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By William Stanley Braithwaite

Two women on the lone wet strand

   (The wind’s out with a will to roam)

The waves wage war on rocks and sand, 

   (And a ship is long due home.)


The sea sprays in the women’s eyes—

   (Hearts can writhe like the sea’s wild foam)

Lower descend the tempestuous skies,

   (For the wind’s out with a will to roam.)


“O daughter, thine eyes be better than mine,”

   (The waves ascend high as yonder dome)

“North or south is there never a sign?”

   (And a ship is long due home.)


They watched there all the long night through—

   (The wind’s out with a will to roam)

Wind and rain and sorrow for two—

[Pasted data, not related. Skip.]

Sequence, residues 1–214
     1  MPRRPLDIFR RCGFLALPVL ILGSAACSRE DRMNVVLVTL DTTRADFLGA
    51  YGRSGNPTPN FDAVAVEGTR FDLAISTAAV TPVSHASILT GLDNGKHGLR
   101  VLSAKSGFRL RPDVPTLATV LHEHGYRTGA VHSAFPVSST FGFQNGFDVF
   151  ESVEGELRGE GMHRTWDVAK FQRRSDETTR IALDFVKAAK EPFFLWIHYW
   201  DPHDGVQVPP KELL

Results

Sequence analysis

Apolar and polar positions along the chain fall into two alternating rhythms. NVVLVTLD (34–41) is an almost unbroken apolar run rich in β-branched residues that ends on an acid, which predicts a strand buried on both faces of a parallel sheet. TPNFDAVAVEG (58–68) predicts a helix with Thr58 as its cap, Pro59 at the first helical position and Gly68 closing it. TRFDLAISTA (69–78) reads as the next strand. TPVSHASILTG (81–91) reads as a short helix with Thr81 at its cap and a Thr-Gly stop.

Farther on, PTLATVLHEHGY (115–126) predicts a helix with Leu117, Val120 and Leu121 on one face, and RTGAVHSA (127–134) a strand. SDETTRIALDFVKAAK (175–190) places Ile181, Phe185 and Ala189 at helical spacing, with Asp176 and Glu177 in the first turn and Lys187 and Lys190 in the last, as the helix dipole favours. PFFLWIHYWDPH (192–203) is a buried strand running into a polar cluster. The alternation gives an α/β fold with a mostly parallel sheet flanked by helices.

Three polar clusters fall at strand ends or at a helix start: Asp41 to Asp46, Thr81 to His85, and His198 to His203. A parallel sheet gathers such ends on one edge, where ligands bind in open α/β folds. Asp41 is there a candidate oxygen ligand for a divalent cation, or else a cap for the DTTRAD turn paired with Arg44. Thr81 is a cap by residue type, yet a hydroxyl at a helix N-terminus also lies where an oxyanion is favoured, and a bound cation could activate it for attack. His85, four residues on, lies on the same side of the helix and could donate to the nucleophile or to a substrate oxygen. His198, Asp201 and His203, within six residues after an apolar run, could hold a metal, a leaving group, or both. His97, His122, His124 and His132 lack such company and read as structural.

(And heaven on the long reach home.)


  • Living
  • Nature
  • Relationships

Poet Bio

William Stanley Braithwaite
Poet William Stanley Braithwaite was born in Boston, Massachusetts. His father was from the West Indies, his maternal grandmother was a slave in North Carolina, and his mother may have been the daughter of the property owner. By the time he was 12, he was working to help support his family. He took jobs as an errand boy and then as an apprentice at a publishing company, where he learned typesetting and discovered his love of poetry. During his lifetime, Braithwaite edited a number of influential poetry anthologies. He founded a publishing company and became a professor of creative writing at Atlanta University, authoring a biography of the Brontë family and several collections of poems. His admiration for the English Romantic poets John Keats, Percy Bysshe Shelley, and William Wordsworth influenced his own poetic style.  

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